Insights is a weekly series featuring entertainment industry veteran David Bloom. It represents an experiment of sorts in digital-age journalism and audience engagement with a focus on the intersection of entertainment and technology, an area that David has written about and thought about and been part of in various career incarnations for much of the past 25 years. David welcomes your thoughts, perspectives, calumnies, and kudos at firstname.lastname@example.org, or on Twitter @DavidBloom.
Can Bytedance really pull this off?
Can a company take a billion-dollar investment that was home to thousands of online creators and millions of fans and reasonably expect said creators and fans to simply slide over to another of its platforms as if nothing has changed?
That’s the grand experiment that Bytedance embarked upon this past week, taking the seemingly flourishing karaoke-influencer site Musical.ly and sending its features and 100 million users over to TikTok, another of its many video operations.
Just two months ago, Bytedance pulled a similar, if smaller-scale, maneuver by shutting Live.ly, a Musical.ly spinoff focused on live streaming. In that case, Bytedance ported Live.ly users and creators to Live.Me, another live-casting site in which it has invested $50 million.
This all happened barely a year after Beijing-based Bytedance, valued at $30 billion, spent a reported $1 billion acquiring Musical.ly and Live.ly. It’s a sad end for the Musical.ly brand, started four years ago by two guys in Shanghai who decided to focus their music and video site on U.S. teens because of their openness to new platforms. Musical.ly managed to quickly carve out a large audience mostly outside of China, with a headquarters in Los Angeles and an ardent overseas fan base of lip-sync lovers.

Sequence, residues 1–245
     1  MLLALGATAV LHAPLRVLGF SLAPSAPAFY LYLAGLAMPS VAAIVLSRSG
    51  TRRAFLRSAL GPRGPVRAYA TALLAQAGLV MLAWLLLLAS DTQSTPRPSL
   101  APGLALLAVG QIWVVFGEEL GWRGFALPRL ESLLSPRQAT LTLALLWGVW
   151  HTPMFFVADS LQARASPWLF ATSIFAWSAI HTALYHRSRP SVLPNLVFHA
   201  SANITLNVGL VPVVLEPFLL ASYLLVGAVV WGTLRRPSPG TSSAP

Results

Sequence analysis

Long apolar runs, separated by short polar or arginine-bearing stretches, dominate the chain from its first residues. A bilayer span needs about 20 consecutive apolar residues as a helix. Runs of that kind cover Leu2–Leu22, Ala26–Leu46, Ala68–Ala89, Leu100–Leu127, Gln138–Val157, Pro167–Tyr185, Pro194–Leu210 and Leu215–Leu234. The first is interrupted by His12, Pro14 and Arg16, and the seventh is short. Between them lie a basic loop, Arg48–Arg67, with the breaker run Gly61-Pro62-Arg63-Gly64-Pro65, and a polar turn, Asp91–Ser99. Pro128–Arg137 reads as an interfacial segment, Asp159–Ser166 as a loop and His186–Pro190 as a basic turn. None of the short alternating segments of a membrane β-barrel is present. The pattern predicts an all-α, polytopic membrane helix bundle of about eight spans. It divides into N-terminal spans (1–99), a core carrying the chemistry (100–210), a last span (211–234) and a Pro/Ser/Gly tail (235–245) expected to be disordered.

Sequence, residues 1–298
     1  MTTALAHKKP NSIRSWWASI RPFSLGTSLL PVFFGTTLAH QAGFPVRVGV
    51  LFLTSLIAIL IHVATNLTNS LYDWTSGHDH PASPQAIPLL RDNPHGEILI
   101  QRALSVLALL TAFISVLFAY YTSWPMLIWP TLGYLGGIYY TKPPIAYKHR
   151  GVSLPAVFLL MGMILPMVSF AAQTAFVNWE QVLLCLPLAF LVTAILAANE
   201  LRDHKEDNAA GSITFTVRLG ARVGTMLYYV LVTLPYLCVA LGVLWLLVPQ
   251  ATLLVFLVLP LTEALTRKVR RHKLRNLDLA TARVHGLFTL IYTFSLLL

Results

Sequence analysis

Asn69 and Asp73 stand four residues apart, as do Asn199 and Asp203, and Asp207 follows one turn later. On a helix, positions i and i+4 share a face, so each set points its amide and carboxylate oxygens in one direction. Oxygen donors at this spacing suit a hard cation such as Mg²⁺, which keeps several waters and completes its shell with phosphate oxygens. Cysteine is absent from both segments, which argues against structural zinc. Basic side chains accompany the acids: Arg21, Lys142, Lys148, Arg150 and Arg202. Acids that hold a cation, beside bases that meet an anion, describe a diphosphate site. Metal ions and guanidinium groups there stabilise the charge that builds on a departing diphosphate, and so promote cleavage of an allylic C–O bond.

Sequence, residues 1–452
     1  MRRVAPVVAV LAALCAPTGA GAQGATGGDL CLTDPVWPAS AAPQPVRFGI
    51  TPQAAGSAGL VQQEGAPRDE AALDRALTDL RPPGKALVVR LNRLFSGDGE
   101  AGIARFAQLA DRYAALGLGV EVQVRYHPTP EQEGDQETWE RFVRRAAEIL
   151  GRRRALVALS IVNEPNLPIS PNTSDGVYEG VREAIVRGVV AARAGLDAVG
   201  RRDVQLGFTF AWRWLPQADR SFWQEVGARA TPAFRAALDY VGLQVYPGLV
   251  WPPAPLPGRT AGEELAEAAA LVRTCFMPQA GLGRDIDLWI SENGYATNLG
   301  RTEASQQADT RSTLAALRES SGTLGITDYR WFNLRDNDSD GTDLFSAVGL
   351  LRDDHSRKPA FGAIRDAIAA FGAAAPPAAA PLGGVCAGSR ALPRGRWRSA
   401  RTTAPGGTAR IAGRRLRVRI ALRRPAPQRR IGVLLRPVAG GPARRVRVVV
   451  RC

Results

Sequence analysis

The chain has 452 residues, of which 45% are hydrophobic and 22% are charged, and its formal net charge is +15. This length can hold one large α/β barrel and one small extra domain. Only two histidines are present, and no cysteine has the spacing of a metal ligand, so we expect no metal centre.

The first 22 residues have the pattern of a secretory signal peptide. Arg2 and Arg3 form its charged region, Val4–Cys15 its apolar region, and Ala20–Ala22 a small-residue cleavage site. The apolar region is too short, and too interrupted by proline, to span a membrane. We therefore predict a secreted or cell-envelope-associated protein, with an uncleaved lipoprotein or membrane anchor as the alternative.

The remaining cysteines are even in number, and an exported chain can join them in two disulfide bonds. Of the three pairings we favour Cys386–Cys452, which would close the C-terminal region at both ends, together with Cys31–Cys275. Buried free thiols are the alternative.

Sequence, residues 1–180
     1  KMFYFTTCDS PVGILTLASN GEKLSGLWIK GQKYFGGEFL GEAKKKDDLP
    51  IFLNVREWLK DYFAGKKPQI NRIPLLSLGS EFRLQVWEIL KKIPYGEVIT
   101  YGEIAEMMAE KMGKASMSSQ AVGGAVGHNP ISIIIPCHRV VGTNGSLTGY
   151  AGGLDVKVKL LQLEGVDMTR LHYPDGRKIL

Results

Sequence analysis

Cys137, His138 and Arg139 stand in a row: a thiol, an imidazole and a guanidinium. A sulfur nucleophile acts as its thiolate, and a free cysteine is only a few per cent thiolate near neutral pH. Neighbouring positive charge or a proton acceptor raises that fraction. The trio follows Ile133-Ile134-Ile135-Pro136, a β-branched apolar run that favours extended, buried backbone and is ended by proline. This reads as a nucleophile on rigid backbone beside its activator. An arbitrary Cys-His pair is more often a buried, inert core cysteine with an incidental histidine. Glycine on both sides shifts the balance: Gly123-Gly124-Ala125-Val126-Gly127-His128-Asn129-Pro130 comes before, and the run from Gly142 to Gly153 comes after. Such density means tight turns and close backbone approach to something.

Now, both Musical.ly and Live.ly are gone by name, in exchange for a hopeful boost to their Chinese-focused sibling sites.
The decision comes at a time of increasingly severe online censorship by the Chinese government, a quickly worsening trade war between the U.S. and China, and an absolute black hole of brand awareness in the West for TikTok. Not incidentally, China’s superheated tech sector is going through a bumpy stock-market downturn, even worse than what hit Facebook and Twitter in recent weeks.
And the bigger question is, amid all this, can a Chinese-focused company export its culture and cultural strictures to a Western audience and Western creators? Or did Bytedance simply open the door wider worldwide for Western-owned competitors, including streaming giants such as Amazon’s Twitch, Facebook Watch, and YouTube or even up-and-comers such as YouNow and LiveNow? Will creators and fans stick around when they have lots of options elsewhere?
What exactly is a TikTok? Also, China is a HUGE market.
TikTok is, seemingly like many Chinese online giants, immensely popular in its vast home country and virtually unknown elsewhere. In the first quarter of 2018, TikTok was the planet’s most downloaded app, with more than 45 million downloads, though most of its fan base remains in Mainland China.
The six-year-old Bytedance was originally known for Toutiao, its online news-recommendation site built on machine-learning tools. Toutiao now recommends a far broader selection of content, including images, video, Q&As and much else. One of its many video sites is TikTok, which serves up short-form videos to a reported 500 million users.
But even with all those users, most Westerners probably still haven’t heard of the site.
For that matter, few in the West are aware that three of the world’s five biggest films in 2018’s first quarter were Chinese, enough to briefly make the country the world’s No. 1 film market (it is projected to get there permanently by 2020).
Both Detective Chinatown 2 and Operation Red Sea have grossed more than $500 million globally this year. But the two Chinese films were virtually unseen in the United States, where they grossed a combined $3.5 million.
It’s similarly the case for many other Chinese cultural and Internet exports, despite increasing efforts by the Chinese government to use the so-called “soft power” of those exports to extend its global reach and influence.